This old apartment building has been condemned and slated for redevelopment; artist renderings are posted in the front windows. Although this building does not look fit for habitation, there does appear to be a couple of apartments still occupied. The worry of course is that, bit by bit, affordable housing will become less and less available to those who put Jerome back on the map.

Prostitution flourished in Jerome during the mining years, and  a number of businesses are playing off that bawdy image.
This former bordello is now called House of Joy,  but houses a gift shop.

The Husbands’ Alley. The locals gave major pushback to the reformers who attempted to restrict brothel location.

Jerome’s oldest bar.

A refurbished brick building, now housing a beautiful art gallery.

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The old Grand Hotel, originally a general hospital.

Lots of building facades and open spaces; just waiting for reclamation perhaps. There are many stores and restaurants in Jerome, but it is not totally gussied up yet. It still has plenty of evidence of its earlier days.

And finally, this bit of oddness. Three toilets sitting in an empty space, surrounded by coins. Someone came up with the brilliant idea of encouraging tourists to toss coins from between the fence railings on the street above. A coin landing in a toilet is good luck!

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As we drove away from Jerome, we passed this sad-looking building. So far, no takers to bring this 24-hour shop back to life.

And so, it is time to move on – tomorrow we head to Winslow Arizona (standing’ on the corner). Beginning our slow trek north.

Prescott: Mile-high city with down-to-earth attitude

Prescott is where Arizonians (Arizonans?) head in the summer to escape the sweltering triple-digit heat of the south. We met a gentleman who is a snowbird within his own state. He spends his winters in Phoenix and his summers in Prescott. “I can deal with the high ’80s and even the low ’90s, but once it hits the ‘100s, it stays there for weeks. Prescott has the perfect climate.”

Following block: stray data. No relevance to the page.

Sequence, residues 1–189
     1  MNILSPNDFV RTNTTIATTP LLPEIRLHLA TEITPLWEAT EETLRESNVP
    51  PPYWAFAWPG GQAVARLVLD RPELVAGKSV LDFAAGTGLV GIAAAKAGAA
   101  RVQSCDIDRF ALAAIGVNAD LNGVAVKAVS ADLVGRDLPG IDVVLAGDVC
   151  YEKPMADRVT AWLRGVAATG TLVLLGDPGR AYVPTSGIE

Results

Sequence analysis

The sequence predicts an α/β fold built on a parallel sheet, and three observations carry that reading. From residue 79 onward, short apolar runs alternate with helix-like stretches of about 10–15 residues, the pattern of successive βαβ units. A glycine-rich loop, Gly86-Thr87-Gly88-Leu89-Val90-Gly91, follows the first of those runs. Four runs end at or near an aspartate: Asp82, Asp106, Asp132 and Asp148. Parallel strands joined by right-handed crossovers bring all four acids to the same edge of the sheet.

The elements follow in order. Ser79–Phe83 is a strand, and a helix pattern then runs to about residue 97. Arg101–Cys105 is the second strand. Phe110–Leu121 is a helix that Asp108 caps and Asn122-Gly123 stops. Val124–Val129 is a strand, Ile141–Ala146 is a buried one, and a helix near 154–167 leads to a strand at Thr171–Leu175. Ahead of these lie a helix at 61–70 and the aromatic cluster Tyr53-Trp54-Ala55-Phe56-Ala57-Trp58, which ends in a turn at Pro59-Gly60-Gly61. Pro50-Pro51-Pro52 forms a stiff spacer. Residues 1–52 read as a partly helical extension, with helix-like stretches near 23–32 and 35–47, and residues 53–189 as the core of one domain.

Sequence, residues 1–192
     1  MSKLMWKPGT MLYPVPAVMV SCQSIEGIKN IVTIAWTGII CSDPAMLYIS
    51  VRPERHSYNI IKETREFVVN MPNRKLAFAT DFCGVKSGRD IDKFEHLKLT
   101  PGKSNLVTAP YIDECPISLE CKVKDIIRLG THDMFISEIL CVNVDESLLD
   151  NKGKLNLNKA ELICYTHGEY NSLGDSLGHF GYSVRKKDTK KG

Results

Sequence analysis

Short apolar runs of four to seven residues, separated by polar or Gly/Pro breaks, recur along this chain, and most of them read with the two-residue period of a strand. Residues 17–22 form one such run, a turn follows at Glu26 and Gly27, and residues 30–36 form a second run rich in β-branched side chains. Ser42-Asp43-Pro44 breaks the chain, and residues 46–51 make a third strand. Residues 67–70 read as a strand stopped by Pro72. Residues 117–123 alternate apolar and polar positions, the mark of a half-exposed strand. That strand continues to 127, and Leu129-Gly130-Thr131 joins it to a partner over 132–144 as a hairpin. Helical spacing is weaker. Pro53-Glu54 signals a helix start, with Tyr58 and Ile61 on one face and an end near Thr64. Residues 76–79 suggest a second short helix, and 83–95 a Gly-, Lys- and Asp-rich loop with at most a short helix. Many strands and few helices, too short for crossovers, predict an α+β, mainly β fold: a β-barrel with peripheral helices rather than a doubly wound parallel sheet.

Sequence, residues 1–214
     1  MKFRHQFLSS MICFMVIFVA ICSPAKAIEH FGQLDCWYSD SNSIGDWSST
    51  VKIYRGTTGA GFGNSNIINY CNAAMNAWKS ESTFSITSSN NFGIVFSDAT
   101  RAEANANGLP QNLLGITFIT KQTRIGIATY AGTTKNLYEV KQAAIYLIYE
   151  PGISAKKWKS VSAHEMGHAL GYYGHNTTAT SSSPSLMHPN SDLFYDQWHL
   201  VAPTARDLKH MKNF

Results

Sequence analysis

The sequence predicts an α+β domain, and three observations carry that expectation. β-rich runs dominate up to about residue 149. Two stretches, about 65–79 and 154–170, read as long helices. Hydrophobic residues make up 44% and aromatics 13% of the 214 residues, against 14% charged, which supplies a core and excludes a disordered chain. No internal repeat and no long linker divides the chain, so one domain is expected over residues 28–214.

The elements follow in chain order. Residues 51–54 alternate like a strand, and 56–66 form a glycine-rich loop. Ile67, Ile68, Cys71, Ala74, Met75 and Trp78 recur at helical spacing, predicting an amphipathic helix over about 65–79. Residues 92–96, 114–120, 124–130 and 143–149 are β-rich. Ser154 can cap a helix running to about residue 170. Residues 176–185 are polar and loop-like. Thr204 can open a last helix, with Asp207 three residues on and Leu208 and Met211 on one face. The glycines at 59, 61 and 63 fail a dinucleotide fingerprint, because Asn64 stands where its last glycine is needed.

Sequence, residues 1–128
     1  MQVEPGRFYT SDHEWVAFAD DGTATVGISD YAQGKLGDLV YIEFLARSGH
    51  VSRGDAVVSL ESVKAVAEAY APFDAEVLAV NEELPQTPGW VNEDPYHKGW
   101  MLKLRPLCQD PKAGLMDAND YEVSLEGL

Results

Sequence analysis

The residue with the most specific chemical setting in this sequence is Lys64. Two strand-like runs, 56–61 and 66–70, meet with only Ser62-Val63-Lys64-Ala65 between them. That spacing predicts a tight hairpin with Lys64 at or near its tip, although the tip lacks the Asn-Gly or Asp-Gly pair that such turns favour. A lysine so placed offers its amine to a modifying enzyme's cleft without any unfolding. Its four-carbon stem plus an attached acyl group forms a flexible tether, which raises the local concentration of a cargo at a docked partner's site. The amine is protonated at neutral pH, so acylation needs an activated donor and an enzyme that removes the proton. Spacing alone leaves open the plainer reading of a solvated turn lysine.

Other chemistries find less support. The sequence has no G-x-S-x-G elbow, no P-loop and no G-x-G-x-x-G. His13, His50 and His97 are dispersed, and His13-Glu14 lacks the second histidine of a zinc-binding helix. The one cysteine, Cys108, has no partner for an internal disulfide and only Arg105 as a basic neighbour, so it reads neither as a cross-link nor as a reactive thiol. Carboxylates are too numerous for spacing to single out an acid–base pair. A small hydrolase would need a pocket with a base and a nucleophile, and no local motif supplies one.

Prescott, which is pronounced “Preskitt”, has racked up a number of admirable accolades, among them: Cleanest Air in the Nation; Number One Place to Live in the Southwest; Top 22 Best Places to Retire; Best Destination for Nature Lovers; Five Must-See Small Towns in Arizona and One of the Coolest Downtowns in North America.

We drove to Prescott from Quartzsite; a three-hour drive that lifted us out of the Sonoran desert into the high-desert landscape. We passed a number of  lush and prosperous ranches along the way:


Prescott is a city of just 45,000 people that was founded in 1864, and has the distinction of being known as The World’s Oldest Rodeo. It also has more than 800 buildings listed on the National Historic Register and the vast majority of them have been fully restored and carefully maintained.

Prescott is a very walkable city. We spent several hours following our self-guided walking map through the historic downtown.

Prescott and surrounding area is cowboy country; the horse is king. Statues of horse and rider can be found in a number of spots around the downtown.  This one, Cowboy at Rest  by artist Solon Borglum was right in front of the Courthouse Plaza.